It turns out that marijuana consumer seek the same “organic” and pesticide-free products that consumers seek in other agricultural products. The Slate magazine website has published a deep-dive into some of the legal and consumer issues facing the fast-growing legal marijuana business, including how the gap between federal and state laws can create an odd lack of health studies and other efforts. In particular, the piece looks at how pesticides impact pot products.

Says the Slate story of pesticides: “… this is an issue that consumers are becoming increasingly aware of, thanks to a series of recalls, lawsuits, and front-page exposes that have highlighted the gravity of a growing pesticide problem in the pot world. In the past year, Colorado has made 19 recalls of pot products after quarantining more than 100,000 plants that regulators feared had been treated with unapproved pesticides. In June, the Oregonian found abnormally high levels of pesticides on nearly half of the pot products sold in state dispensaries. Those pesticides included a common roach killer, half a dozen human carcinogens, and a fungicide that allegedly turned into hydrogen cyanide when heated. This March, the Emerald Cup (an outdoor cannabis competition) announced that it would tighten its contamination rules after a large percentage of entrants failed pesticide tests.”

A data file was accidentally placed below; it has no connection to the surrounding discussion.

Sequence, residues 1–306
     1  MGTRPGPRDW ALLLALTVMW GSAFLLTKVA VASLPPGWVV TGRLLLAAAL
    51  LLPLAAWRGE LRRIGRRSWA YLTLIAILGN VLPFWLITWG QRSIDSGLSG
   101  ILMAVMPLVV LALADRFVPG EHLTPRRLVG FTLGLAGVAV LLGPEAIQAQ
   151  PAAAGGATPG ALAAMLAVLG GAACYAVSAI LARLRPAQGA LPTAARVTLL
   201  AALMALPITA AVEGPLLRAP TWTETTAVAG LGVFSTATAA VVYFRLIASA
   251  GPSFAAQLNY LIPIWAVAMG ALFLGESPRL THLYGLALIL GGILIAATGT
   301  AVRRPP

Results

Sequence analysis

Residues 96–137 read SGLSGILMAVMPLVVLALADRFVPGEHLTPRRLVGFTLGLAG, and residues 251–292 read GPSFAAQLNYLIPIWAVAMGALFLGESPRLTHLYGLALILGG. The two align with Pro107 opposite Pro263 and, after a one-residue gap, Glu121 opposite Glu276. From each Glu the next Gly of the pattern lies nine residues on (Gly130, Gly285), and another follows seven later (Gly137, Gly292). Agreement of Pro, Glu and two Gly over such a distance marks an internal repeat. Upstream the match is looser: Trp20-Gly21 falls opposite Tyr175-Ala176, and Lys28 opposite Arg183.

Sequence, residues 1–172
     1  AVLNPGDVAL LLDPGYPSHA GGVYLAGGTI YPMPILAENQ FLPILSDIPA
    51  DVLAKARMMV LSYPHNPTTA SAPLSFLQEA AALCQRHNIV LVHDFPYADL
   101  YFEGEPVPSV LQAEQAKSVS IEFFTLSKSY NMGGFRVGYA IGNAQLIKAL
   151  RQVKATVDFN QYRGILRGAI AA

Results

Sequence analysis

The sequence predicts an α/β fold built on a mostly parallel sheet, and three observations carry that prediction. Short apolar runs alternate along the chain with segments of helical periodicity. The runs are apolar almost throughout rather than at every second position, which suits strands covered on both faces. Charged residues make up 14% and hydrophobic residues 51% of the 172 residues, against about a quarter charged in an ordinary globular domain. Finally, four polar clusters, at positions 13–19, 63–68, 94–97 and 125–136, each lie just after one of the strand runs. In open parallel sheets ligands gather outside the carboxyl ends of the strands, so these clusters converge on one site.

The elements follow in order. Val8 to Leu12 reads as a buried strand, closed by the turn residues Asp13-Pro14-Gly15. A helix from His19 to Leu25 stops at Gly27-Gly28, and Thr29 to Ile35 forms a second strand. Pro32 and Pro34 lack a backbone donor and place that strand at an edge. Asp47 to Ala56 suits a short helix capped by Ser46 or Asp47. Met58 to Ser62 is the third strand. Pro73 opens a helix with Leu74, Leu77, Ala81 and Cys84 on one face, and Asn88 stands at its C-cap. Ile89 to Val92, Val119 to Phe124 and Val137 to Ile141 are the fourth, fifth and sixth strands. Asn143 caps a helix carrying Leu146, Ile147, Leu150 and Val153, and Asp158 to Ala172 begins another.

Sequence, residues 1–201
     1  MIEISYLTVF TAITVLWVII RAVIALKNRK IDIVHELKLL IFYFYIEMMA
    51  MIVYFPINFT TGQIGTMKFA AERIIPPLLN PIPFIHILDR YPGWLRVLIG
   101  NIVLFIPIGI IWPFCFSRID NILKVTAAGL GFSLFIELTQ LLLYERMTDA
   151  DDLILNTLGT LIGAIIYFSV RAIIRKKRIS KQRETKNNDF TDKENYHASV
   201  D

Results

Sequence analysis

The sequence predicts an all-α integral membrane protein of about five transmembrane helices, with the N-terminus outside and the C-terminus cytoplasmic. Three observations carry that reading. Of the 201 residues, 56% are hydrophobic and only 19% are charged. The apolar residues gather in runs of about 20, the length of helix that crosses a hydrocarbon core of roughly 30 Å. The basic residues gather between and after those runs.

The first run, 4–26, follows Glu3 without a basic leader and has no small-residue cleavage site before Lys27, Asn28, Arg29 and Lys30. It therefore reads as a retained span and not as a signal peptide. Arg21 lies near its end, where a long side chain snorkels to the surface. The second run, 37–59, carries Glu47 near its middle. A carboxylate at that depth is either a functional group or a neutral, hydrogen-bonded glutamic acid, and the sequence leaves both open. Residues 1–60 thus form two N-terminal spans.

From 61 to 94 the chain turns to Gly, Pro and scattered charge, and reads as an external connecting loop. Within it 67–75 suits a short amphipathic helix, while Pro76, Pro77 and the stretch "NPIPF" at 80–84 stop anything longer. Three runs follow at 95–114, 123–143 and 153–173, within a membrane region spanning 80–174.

Read the piece here:

RICO Lawsuits Shape Legal Marijuana Landscape

A budtender pours marijuana from a jar at Perennial Holistic Wellness Center medical marijuana dispensary in Los Angeles, July 25, 2012. Photo Credit, International Business Times report, 3/25/16

A budtender pours marijuana from a jar at Perennial Holistic Wellness Center medical marijuana dispensary in Los Angeles, July 25, 2012. Photo Credit, International Business Times report, 3/25/16